Park also added japchae, a well-executed traditional Korean noodle dish of thin, stir-fried sweet potato noodles tossed with carrots, onions, scallions, and a choice of marinated beef, chicken, or plump shiitakes. Available as a side or entree, it’s unique and versatile enough to appeal to vegetarians and omnivores alike.

a selection of banchan

a selection of banchan

Another standout dish is the kimchi bacon rice: sautéed rice mixed with the sour bite of kimchi and the salty splendor of uncured, antibiotic-free bacon with an important texture assist from crisp cucumber, spring greens, and scallions. A perfectly cooked soft-fried egg and sesame seeds top the dish, which in total presents like the food equivalent of an expertly struck multipart harmony, the many flavors and texture elements uniting for one tasty whole.

Suji’s offers several flavorful sauces and kimchi varieties that further elevate these dishes, so diners would be wise to add them according to taste—in my case liberally, as I found such additions often lent an important layer of flavor.

Many elements will not change, including original menu items like bibimbap bowls and Korean street tacos, Suji’s inviting communal seating, and Park’s overarching commitment to all-natural ingredients. In her restaurants and prepackaged foods, Park insists on no MSG, binders, artificial colorings, flavors, or preservatives, and a gluten-conscious approach.

“We’ll never change our all-natural mission or authenticity,” says Park. “We want people to fully experience Korean meals, so we’re also introducing banchan, small dishes, like tapas, with a main dish.”

Korean street tacos

Korean street tacos

Park’s mother, Younja Kim, is visiting from Korea for several months to help develop a variety of rotating homemade banchan and kimchi. Suji’s will also host educational sessions, inviting Omahans to learn how to make varieties of kimchi.

“I’m excited to show people what Korean food is about,” she says. “I’m in the food industry because I love people, and food brings people together.”

Visit sujiskoreangrill.com for more information.

sujis1

OJs Enchilada

August 2, 2016 by
Photography by Bill Sitzmann

Ground beef and cottage cheese on an enchilada. The combination sounds strange, but it tastes amazing.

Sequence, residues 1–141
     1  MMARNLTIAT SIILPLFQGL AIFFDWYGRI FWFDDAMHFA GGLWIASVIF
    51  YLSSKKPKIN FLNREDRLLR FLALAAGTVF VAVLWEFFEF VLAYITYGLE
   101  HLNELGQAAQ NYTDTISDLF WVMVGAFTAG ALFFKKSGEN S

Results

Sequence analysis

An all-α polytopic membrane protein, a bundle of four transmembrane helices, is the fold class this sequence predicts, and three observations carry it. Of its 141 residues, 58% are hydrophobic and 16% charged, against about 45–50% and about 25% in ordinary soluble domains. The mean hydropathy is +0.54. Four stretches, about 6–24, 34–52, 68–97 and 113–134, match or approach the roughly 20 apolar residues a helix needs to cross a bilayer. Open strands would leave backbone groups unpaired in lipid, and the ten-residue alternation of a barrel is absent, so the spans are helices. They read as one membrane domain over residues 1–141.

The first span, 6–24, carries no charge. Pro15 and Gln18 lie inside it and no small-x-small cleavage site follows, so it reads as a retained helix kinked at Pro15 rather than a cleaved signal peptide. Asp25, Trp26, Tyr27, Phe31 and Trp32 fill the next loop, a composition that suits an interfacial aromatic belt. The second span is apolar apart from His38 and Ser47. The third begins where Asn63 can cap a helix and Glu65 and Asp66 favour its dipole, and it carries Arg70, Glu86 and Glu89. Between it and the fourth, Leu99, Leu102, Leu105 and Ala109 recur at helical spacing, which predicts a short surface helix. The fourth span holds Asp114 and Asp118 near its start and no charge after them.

Creamy, melted cottage cheese oozes over hearty meat and shredded lettuce, tucked into a flour tortilla. Douse the whole plate with ladles of finely chopped hot salsa (made fresh every day), and dig in.

The menu warns in all-caps: “GUARANTEED A GUT-BUSTER!” It stretches across the plate like a log, coated with a blanket of cheddar and sprinkled with black olive slices. Twin mounds of rice and refried beans huddle beside the delicious monstrosity.

OJs1Ever since I learned of cottage cheese enchiladas, OJ’s Cafe on the edge of the Missouri River has called to me like a siren song for fat kids.

Mexican food is fairly common in the Midwest nowadays, but OJ’s Cafe was a trendsetter. Located next to the Florence Mill, just south of I-680’s 30th Street exit near the Mormon Bridge, OJ’s wood-paneled facade harkens back to the days of the Wild West.

The recipe for cheese and beef enchiladas belonged to the owner’s mother. The owner, 70-year-old Olga Jane Martinez (whose married name is Vlcek) was born in Anaheim, California. She opened the cafe 40 years ago. Vlcek says they added the Western-style facade a few years after opening.

Mexican food was hard to find in Omaha back then. The restaurant was situated in the site of a former dairy that sold milk, eggs, ice cream, hamburger, and cheeseburgers. At first, Vlcek followed suit. She kept the menu and added a daily special. Mexican dishes were the Thursday and Friday special.

“Then customers started asking for more Mexican food,” Vlcek says. “I said, ‘You know what? I am going to try to make a business of this.’ So, I cut everything else (about a year after opening).”

OJ’s now offers a full menu with tacos, burritos, vegetarian options, nachos, and a wide range of Mexican fare. The kitchen will even switch out flour tortillas for corn upon request.

Walk inside OJ’s today and find heavy wooden lacquer tables and booths. Kitschy decorations abound. Ceramic suns cover one wall. Promotional mirrors for imported Mexican beer cover another. There’s a stained glass window with cacti and a sombrero, a crucifix, family photos, and lots of other trinkets contributing to the down-home atmosphere.

A waitress asks for our order. I know what I want, but ask her suggestion anyway. She recommends the cottage cheese and chicken enchilada. I pause for a moment. I didn’t know the meat choice could be switched. I take a risk. Chicken and cottage cheese it is.